November 28, 2014
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Making those holiday connections

The email was only a couple of sentences, but it had a way of turning everything upside down.

Jack, my eldest son who is living in Vietnam, planned to fly into JFK Airport Saturday morning, spend the day with his grandfather in Connecticut and then catch a flight to Chicago to join his wife, kids and in-laws for Christmas. Everything was worked out, or so it seemed, after weeks of back and forth emails and conversations of Skype. We’d pick him up at 7 a.m., spend the day at my father’s and get him back to the airport. He’d be flying American and, as he recalled, there was a Starbucks in the terminal, so that became the meeting place. Then the almost breathless email arrived Thursday; he had been able to get a direct flight from Hong Kong to JFK, giving us an additional 12 hours. He’d be arriving at 7 p.m. on Friday. He switched airlines and would be flying Cathay Pacific.

I thought he must have been at the airport when he sent the email because the trip takes about 24 hours. I probably wouldn’t hear from him again until I got to the airport.

Anyway, this was good news and I stepped up plans to drive down Friday afternoon. Carol had a full day, so she planned to join us at my father’s on Saturday.

It’s amazing how a simple change in plans can throw things into confusion.

I ran a mental list of all I needed to do, between alerting my father, wrapping gifts for my sister and her family, who would also be stopping at my father’s, and packing for the night. As soon as I got home, I went into scramble mode. I needed about four hours – allowing for Friday evening traffic – to get to JFK and I would be cutting it close.

Then, unknowingly, I made the wise move of confirming Jack’s flight information. I opened my email and there was a new one from Jack. Things were about to change again.

The flight from Vietnam was delayed. He missed the Hong Kong connection by minutes. Now he was on another Cathy Pacific flight and he would be arriving at 22:15. I emailed back. If he’d been waiting at Hong Kong, he would have responded almost immediately, I guessed. There was no reply. He must already be in flight.

While I had more time to make the trip, which was good, it would have been reassuring to know we were on the same schedule.

Before the cell phone and the Internet, we depended on the telephone. A call to the airline was the way to find out if there were delays, and there was no such thing as the tracking device that Carol used to follow the location of Jack’s flight online. Back then, the only way of getting through to a traveler when they arrived at the terminal was to page them and hope they were within earshot.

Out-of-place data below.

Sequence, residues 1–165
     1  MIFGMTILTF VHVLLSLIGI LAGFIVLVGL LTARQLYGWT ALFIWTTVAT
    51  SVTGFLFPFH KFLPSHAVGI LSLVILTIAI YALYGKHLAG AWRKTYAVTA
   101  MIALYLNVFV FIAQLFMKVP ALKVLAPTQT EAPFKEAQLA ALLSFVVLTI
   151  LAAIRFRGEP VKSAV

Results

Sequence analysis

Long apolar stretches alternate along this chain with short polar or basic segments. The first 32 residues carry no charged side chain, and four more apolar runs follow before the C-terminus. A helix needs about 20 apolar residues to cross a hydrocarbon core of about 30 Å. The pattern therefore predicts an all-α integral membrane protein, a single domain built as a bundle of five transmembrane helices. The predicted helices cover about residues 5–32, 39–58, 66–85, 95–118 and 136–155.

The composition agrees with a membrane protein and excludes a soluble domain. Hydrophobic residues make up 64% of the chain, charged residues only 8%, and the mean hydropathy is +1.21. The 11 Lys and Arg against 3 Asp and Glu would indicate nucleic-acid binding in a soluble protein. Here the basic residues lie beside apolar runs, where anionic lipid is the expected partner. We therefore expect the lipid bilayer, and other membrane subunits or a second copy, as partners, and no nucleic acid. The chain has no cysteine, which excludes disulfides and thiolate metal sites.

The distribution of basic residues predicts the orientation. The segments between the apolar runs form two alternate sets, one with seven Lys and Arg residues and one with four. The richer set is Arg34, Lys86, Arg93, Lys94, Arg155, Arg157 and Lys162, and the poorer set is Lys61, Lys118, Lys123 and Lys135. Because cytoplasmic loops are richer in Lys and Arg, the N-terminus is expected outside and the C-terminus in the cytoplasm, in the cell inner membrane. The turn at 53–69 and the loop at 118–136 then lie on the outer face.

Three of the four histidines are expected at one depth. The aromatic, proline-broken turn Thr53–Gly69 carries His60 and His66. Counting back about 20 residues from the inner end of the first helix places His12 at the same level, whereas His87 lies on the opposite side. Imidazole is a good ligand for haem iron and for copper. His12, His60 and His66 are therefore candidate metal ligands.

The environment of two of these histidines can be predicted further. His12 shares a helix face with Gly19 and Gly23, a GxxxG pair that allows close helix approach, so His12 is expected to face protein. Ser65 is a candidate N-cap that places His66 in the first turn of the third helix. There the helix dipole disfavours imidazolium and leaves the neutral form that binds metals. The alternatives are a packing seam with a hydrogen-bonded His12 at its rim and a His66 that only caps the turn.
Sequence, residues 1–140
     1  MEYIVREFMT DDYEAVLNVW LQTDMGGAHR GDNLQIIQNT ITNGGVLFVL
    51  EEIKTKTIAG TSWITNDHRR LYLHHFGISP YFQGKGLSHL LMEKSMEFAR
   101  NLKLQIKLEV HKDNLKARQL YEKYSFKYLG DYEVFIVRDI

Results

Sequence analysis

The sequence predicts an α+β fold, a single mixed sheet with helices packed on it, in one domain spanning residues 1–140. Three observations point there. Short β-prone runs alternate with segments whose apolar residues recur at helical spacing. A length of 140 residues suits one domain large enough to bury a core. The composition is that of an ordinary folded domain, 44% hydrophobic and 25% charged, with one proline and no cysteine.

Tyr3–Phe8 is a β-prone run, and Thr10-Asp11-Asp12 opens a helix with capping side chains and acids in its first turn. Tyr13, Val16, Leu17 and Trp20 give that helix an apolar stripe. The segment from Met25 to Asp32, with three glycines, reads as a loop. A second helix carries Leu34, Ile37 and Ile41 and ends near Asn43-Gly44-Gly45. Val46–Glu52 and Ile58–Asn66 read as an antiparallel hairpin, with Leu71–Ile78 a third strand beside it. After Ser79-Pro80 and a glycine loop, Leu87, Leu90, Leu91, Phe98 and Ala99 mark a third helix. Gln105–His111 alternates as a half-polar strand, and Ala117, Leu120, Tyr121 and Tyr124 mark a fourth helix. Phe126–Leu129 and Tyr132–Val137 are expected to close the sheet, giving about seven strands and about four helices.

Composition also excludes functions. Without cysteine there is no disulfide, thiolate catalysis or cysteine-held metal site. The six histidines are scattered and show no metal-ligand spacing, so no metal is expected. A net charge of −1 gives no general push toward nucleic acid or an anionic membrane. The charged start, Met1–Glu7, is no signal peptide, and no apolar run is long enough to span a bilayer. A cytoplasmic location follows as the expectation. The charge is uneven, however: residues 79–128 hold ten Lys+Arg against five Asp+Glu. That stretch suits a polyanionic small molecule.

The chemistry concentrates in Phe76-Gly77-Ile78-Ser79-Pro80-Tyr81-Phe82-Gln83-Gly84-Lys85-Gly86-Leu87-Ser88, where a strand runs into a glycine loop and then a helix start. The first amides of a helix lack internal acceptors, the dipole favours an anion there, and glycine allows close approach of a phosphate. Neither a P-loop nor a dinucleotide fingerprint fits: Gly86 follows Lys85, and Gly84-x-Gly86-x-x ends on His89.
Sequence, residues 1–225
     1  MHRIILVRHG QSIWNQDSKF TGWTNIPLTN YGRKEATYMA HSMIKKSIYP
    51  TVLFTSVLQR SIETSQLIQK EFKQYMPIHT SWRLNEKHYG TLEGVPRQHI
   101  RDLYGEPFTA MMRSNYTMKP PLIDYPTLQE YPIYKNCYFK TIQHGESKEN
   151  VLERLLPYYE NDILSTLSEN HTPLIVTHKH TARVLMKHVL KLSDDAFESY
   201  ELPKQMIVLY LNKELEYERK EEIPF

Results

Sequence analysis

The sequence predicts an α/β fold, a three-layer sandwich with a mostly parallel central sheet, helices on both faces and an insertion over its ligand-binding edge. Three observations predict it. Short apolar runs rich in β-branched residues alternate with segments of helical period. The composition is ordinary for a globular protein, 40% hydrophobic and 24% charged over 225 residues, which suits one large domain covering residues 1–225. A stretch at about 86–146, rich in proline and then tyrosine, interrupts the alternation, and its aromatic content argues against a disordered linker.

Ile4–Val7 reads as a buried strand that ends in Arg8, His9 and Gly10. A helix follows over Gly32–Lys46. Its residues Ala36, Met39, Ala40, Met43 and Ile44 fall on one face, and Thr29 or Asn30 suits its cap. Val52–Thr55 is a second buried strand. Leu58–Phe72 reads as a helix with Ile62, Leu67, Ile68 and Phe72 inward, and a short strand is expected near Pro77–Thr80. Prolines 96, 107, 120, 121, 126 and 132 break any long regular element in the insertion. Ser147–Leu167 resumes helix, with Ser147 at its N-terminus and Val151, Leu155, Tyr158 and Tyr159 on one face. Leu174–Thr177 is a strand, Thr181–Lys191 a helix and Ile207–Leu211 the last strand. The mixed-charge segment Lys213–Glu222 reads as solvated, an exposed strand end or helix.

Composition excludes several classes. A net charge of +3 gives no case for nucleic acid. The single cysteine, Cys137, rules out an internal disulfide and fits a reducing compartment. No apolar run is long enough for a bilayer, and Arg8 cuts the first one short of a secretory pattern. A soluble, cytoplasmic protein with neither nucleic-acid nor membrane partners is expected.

The cell phone and the Internet really have taken the guesswork out of traveling or connecting with someone who is. The cell phone is the critical link. It was the one thing I wanted to make sure I had, along with Jack’s flight and phone numbers.

I was ready to depart in less than 10 minutes. The back of the car was filled with gifts and grapefruits (I had a box of them from the Rotary citrus drive). Carol handed me an apple and some cookies – sustenance for the trip – if I didn’t go for the grapefruit. The first stop was for gas at Hoxsie Four Corners. I went through the list as I pumped.

Cell phone, I thought. I felt it in my shirt pocket. I was good to go.

Then a crazy whim crossed my mind.

I called Carol.

She answered instantly.

“Everything all right?”

“I forgot my cell,” I answered in an agitated voice. “I’ll never find him. I’ll be back to look for it. Could you start looking?”

“Sure,” she said.

“Call me as soon as you find it,” I said.

There was a long pause. She was working this out. How could I be calling her?

“You got me,” she said laughing.

She called me a couple of hours later.

“He’s over the western corner of Montana,” she reported. The flight was about 10 minutes ahead of schedule.

The next time the phone vibrated, I was sitting in Terminal 7 with an eye on the arrival gate. It was a text from Jack that he had just landed. I responded that I was waiting on the other side of customs. The connection was made.

But there’s nothing that could take the place of spotting him and getting a hug. Skype and the cell phone can’t hold a candle to that. They never will.


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